Photo of Artist's Book group exhibition and work memorializing EO9066 at BIMA this Spring.

BAINBRIDGE ISLAND MUSEUM OF ART’S SPRING EXHIBITIONS FEATURE A LARGE SCALE ARTIST’S BOOK SHOW AND WORK MEMORIALIZING THE EVICTION OF JAPANESE AMERICANS DURING WORLD WAR II.

Bainbridge Island, WA - Bainbridge Island Museum of Art (BIMA) will open the first of its spring exhibitions on Friday, March 4, 2022 with Boundless, a group show of Artist’s Books curated by Catherine Alice Michaelis and Cynthia Sears. Included in Boundless is Troubling: Artist’s Books that enlighten and disrupt old ways of being and seeing curated by Tia Blassingame and Ellen Sheffield. Opening Friday, March 11 is Americans Incarcerated: A Family’s Story of Social Injustice, n collaboration between Jan and Chris Hopkins (Everett, WA) to memorialize the eviction of Japanese Americans during World War II. Executive Order 9066, issued by President Franklin Roosevelt on February 19, 1942, authorized the evacuation of all persons deemed a threat to national security from the West Coast. BIMA’s spring exhibitions are made possible with support from Laird Norton Wealth Management, Stoel Rives, The Ames Foundation, and Leslie & Michael Lebeau. The exhibitions are open daily from 10am-5pm and admission is free. The Museum is just steps away from the Bainbridge Island ferry terminal at 550 Winslow Way East, Bainbridge Island, WA 98110. Complete exhibition listings can be found at www.biartmuseum.org/exhibitions/.

Colette Fu Kaifuna
Colette Fu's "We Are Tiger Dragon People: Kaifuna" at Bainbridge Island Museum of Art.

Boundless
March 4th through June 22nd

Explore the wonderful and intimate world of artist’s books with this large exhibition co-curated by Cynthia Sears and Catherine Alice Michaelis. Boundless features over 100 one-of-a-kind and editioned works — the vast majority selected from the Cynthia Sears Artist’s Books Collection — plus related broadsides, zines, and paintings. This exhibition showcases a diversity of format and content addressed within this art form.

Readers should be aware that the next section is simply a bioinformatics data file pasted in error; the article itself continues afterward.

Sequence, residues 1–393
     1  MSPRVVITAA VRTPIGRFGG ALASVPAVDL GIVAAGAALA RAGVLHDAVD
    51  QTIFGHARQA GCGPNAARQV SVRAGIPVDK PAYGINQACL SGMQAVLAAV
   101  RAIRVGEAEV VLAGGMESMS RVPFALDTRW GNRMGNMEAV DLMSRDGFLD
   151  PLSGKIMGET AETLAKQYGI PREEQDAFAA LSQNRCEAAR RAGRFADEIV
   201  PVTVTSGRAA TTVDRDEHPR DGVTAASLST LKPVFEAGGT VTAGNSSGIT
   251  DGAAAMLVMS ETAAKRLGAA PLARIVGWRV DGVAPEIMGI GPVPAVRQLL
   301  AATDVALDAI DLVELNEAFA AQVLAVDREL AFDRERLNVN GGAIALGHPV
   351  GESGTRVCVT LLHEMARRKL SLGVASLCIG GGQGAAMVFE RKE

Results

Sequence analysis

Boundless includes a supporting exhibition titled Troubling: Artists’ Books that enlighten and disrupt old ways of being and seeing, co-curated by Tia Blassingame and Ellen Sheffield, and a Beacon Window Gallery installation from the Book/Print Artist/Scholar of Color Collective.

BIMA has published an exhibition catalog with essays from Mark Dimunation of the Library of Congress, Sears and Michaelis, and Blassingame and Sheffield. The catalog is $24 and available in person or online at the BIMA Store.

Chris Hopkins'
Chris Hopkins' "All American Boy" at Bainbridge Island Museum of Art.

Americans Incarcerated: A Family’s Story of Social Injustice
March 11th through June 12th

Americans Incarcerated: A Family’s Story of Social Injustice is an evolving collaboration between Jan and Chris Hopkins (Everett, WA) to memorialize the eviction of Japanese Americans during World War II. Executive Order 9066, issued by President Franklin Roosevelt on February 19, 1942, authorized the evacuation of all persons deemed a threat to national security from the West Coast. Over 100,000 adults and children of Japanese ancestry were sent to assembly centers, then housed in guarded facilities known as internment camps.